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Q&A: Data Journalist Caroline Beavon

Caroline BeavonCaroline Beavon is a Data Journalist / Visiting Tutor at Birmingham City University and is one of the speakers at our Data Journalism event on 16 May. You’re a data journalism tutor at Birmingham City University – how long has data been part of the course and what are the main skills you teach?

I've only been teaching the course for a year, but I was taught data journalism myself when I did an MA in Online Journalism there the year before. The course leader, Paul Bradshaw, is a real advocate of data journalism so I'm sure he's been pushing it for a few years now!

Is there a growing recognition of the importance of data at most journalism schools?

I definitely think the field of journalism education is realising the need to furnish their students with the data skills - it is such a growing topic.

I know there are a host of one day courses and seminars popping up for the established journalists (through unions and trade press), so it would make sense for the academic institutions to teach it from the outset.

In your work as a data journalist, what are the main types of company/industry you get commissions?

I have a wide range of clients, from local councils and business interest groups to B2B publishers wanting me to visualise data for articles or advertorials. I have also done work for a fantastic website in the US called Oh My Gov - who monitor social media coverage within US politics.

The most famous examples of data journalism/interactive visualisations seem to be in b2b or around the big news stories like Wikileaks – but do you see other areas of the media becoming more active in this area?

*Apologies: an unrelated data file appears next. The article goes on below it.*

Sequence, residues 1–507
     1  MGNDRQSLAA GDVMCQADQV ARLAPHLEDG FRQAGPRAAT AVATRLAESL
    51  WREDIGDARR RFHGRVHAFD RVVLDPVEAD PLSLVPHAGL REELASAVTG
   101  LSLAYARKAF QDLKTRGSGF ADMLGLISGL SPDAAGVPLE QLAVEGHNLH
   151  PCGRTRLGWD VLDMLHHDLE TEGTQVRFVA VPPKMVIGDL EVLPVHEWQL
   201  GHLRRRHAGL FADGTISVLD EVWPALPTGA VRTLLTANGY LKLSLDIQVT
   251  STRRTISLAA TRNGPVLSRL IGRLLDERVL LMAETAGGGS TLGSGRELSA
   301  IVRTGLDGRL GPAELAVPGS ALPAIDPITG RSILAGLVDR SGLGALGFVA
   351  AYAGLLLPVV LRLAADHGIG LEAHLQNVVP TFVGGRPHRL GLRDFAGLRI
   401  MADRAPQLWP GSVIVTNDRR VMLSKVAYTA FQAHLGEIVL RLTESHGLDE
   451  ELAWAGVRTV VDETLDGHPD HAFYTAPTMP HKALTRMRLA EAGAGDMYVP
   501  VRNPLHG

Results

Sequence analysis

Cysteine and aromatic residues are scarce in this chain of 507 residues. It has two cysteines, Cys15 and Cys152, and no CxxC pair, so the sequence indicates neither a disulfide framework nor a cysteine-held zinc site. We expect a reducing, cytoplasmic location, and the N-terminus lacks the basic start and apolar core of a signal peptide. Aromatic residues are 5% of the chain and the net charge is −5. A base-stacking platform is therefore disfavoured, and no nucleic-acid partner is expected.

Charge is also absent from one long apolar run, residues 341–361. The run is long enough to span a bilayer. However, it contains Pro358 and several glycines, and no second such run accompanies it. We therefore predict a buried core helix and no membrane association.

I would say that data journalism is now much more widespread - it's definitely the hot new way to tell stories - whether it's educational data, petrol prices or even the anniversary of the Titanic through infographics.

Elections are traditionally times when papers and TV news go overboard with graphics - it will be interesting to see what creative methods people are using this time around.

What advice would you give other budding data journalists who aren’t Excel experts, or who’ve never used Tableau or Google Fusion Tables?

Don't be put off by the word data. I am far from being a maths geek. Think of data as information and you are showing that information in a visual way. Whether that'd drawing a flow chart, or diagram by hand, or adding sized circles to a map in a simple arts package like Paint - even simple methods can be effective without heavy-number crunching.

Saying that - tools like Tableau are very easy to use, and the results can be spectacular. It's worth persevering- especially as they are geared up for people with no programming, design or stats knowledge.

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